Yonkers,NY – Yonkers lost a beloved member of the community 43-year-old Boyce “Scoop” Coleman on Sunday September 6 when he tried to save a boy with mild autism, Setphen Martin, who was drowning in the Hudson River. The event took place around 7 P.M. when local police were getting calls about a boy drowning during a community barbecue. Before stepping into the bathroom for a short time, Stephen’s mother Thema asked a friend to watch him when he climbed over the fence near the John F. Kennedy Marina and began swimming in a ‘no swimming’ zone. As she told CBS 2 New York’s Diane Macedo:
“I came back, and they thought there was fighting. But it was my son in the water.”
That’s when Coleman sprung into action. Quickly he, and another man, jumped into the water to save the drowning six-year-old. Stephen’s mother reports seeing Coleman with her son when he stopped, came back up for a moment, and then was gone forever. One unidentified women screamed for someone to save Coleman, yet no one could.
Other reports say that the man Coleman jumped in with was Andrus residential treatment center administrator, Reginald Butler. Luckily, he spotted Jenna Fanelli, a 23-year-old recreational therapist for the Andrus center and certified life guard of seven years. Scared yet willing, Fanelli dove into the water and free styled her way to Coleman. She instructed Coleman to push Stephen near her and was able to grab hold of the boy fast. Within the ten minutes it took to get the boy to shore Coleman had drowned.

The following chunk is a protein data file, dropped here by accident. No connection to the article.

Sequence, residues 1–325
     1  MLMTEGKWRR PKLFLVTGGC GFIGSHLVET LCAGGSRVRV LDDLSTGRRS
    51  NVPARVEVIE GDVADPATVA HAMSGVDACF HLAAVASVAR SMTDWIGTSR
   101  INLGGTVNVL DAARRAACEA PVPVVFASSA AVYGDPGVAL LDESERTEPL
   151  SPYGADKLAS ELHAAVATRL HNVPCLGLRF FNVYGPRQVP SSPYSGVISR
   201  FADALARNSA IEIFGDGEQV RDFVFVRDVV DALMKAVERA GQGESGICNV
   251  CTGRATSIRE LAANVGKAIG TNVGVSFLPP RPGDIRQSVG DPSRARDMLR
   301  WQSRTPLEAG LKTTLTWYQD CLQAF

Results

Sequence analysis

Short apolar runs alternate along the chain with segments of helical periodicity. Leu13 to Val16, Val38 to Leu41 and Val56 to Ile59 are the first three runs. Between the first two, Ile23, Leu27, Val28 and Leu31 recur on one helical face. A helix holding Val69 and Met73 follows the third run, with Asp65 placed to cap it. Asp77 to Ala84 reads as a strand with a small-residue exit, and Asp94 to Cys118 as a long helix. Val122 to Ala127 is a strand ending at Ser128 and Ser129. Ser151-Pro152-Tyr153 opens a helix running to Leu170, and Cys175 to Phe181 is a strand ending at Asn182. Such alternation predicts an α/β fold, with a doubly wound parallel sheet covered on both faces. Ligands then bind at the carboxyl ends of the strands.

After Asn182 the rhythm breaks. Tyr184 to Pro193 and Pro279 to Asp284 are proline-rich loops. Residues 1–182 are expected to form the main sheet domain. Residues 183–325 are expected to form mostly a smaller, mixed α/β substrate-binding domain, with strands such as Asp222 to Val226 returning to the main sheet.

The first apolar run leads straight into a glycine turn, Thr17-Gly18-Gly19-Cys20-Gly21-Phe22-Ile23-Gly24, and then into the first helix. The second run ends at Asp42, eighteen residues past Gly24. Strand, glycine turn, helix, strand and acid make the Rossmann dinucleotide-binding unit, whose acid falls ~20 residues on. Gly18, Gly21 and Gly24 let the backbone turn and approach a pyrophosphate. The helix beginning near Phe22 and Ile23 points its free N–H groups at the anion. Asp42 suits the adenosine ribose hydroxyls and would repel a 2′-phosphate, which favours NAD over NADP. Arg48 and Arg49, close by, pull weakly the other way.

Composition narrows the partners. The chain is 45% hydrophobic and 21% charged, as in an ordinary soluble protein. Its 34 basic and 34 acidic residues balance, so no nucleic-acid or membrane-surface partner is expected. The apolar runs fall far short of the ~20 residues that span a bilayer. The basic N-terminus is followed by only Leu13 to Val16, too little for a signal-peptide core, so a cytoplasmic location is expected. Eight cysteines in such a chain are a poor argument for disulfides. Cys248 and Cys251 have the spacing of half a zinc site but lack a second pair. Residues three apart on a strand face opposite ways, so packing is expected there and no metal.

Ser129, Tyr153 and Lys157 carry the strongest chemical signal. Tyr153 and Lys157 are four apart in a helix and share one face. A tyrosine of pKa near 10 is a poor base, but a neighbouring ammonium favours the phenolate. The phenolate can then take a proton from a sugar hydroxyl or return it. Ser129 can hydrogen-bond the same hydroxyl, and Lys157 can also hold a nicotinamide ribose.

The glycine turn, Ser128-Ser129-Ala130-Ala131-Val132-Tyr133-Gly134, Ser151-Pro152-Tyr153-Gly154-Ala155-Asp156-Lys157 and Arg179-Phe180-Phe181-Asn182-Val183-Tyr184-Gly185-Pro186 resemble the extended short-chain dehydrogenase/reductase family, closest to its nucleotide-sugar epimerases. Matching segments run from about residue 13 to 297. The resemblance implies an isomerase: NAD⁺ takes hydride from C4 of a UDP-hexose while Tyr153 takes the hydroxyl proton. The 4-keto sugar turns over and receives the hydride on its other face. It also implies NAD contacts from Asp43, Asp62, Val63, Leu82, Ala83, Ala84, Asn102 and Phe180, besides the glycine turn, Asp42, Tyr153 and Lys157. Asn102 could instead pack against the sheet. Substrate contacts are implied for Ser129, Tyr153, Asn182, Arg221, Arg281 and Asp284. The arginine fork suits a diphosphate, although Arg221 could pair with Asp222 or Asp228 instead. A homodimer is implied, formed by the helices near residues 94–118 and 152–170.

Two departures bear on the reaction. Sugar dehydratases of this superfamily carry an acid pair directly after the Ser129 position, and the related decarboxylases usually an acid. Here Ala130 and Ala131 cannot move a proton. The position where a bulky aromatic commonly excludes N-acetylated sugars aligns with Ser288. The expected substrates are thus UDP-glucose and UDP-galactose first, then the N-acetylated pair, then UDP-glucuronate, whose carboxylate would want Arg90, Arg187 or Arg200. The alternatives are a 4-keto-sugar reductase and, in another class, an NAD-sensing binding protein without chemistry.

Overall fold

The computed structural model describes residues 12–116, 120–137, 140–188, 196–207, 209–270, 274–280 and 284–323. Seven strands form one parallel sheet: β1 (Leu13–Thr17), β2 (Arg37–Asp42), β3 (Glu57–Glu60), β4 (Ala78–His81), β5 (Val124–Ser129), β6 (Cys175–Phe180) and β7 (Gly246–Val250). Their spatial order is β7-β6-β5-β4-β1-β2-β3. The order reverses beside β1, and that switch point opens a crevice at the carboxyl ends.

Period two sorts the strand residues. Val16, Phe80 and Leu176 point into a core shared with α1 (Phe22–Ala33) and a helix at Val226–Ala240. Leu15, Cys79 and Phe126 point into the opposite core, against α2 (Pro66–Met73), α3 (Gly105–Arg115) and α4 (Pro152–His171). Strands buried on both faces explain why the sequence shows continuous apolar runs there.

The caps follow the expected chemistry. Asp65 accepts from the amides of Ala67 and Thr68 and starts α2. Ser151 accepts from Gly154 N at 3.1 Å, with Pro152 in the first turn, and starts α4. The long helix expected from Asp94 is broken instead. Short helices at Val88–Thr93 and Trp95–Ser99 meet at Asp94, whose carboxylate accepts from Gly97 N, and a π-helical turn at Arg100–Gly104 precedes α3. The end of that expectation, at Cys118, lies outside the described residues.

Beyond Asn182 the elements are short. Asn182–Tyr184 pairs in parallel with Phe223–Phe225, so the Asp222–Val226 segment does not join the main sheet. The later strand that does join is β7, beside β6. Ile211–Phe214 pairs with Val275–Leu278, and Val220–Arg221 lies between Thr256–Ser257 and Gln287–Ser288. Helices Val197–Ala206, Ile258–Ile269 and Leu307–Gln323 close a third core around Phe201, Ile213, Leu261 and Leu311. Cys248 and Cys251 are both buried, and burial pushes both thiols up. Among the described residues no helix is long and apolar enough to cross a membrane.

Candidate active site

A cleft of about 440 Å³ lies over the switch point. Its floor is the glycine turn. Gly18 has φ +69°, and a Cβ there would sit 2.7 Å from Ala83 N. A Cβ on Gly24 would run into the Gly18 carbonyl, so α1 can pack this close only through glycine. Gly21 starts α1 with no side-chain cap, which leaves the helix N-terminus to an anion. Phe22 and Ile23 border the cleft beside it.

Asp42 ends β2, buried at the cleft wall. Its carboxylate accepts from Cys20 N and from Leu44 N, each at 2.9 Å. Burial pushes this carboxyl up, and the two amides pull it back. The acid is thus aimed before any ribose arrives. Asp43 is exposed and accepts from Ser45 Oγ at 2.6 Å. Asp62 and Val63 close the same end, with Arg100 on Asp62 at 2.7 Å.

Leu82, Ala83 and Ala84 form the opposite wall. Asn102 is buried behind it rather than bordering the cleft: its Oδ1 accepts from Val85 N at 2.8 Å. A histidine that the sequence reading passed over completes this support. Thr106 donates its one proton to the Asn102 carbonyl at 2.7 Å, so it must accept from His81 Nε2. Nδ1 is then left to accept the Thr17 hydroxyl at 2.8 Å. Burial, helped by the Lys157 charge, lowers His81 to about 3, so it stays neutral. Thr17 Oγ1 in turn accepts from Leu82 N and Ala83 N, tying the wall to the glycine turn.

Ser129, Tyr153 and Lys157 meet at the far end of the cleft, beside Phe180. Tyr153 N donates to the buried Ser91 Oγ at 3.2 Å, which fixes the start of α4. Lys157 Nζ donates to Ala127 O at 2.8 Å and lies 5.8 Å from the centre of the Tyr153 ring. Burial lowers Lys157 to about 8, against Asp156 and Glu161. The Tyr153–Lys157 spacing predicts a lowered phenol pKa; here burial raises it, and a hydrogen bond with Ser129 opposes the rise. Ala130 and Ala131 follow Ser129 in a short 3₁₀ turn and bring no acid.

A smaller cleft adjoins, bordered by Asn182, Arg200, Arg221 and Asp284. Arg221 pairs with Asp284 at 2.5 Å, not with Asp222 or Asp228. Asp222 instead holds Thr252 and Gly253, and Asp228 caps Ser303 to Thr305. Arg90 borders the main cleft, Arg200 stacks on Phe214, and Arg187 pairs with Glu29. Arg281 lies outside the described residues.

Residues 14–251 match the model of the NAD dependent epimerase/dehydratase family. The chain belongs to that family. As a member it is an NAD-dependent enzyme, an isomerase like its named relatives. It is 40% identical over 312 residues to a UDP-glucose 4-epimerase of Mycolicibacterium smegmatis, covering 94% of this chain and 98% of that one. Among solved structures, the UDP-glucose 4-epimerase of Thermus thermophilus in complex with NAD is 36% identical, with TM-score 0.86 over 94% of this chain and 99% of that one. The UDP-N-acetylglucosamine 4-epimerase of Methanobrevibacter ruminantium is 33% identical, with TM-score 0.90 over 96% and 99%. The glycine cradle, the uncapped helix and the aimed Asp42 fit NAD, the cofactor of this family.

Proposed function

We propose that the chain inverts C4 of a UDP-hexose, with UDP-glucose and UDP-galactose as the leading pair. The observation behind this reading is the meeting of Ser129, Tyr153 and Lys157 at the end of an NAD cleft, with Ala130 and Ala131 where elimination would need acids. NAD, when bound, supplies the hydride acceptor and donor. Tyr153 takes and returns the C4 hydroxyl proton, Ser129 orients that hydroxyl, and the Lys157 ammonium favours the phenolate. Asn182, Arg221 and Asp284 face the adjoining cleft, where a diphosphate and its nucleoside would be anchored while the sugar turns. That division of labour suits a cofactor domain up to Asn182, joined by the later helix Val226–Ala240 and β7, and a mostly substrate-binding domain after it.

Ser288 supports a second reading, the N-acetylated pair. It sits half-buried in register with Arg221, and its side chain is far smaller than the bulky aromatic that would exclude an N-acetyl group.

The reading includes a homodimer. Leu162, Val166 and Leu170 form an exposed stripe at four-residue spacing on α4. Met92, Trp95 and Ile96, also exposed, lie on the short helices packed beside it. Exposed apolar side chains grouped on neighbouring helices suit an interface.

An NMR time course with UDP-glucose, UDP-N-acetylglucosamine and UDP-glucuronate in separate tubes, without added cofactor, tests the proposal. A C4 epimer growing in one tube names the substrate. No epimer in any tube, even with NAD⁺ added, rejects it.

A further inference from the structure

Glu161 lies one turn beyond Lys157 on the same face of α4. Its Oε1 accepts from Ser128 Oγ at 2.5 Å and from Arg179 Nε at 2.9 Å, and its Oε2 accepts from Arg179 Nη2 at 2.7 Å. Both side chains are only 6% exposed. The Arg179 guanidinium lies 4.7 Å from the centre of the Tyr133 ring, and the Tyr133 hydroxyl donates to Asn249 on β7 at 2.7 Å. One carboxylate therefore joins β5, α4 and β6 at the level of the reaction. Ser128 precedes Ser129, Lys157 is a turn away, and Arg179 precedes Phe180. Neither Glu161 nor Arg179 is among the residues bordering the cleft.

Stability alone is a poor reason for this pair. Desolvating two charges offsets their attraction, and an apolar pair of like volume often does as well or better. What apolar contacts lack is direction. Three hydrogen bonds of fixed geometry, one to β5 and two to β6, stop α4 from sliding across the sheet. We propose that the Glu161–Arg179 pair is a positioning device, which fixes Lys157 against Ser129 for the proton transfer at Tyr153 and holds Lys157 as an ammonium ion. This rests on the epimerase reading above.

Butler told The Journal News:
“There was nothing she could have done,”
Police arrived at the scene and searched for Coleman’s body that was finally found around 8 P.M. He was taken to John’s Riverside Hospital in Yonkers where he was tragically pronounced dead. Stephen Martin was taken to a local hospital as well and is expected to make a full recovery. So far, Coleman’s funeral arrangements are pending.
While the community is glad Stephen Martin was saved, they are mourning the loss of one of Yonker’s greatest. CBS New York and PIX 11 interviewed a host of relatives and friends who had nothing but great things to say about their fallen friend.
Errol Paisley, who was a neighbour, told Pix 11:
“He would even put quarters on my meter so My car wouldn’t get a ticket,”
Colemen’s nephew Ondre Hendrick’s tearfully claimed that they had lost a kind soul.
To read more on this story please visit the CBS 2 News website
Contributed by Audrey L. Hollingshead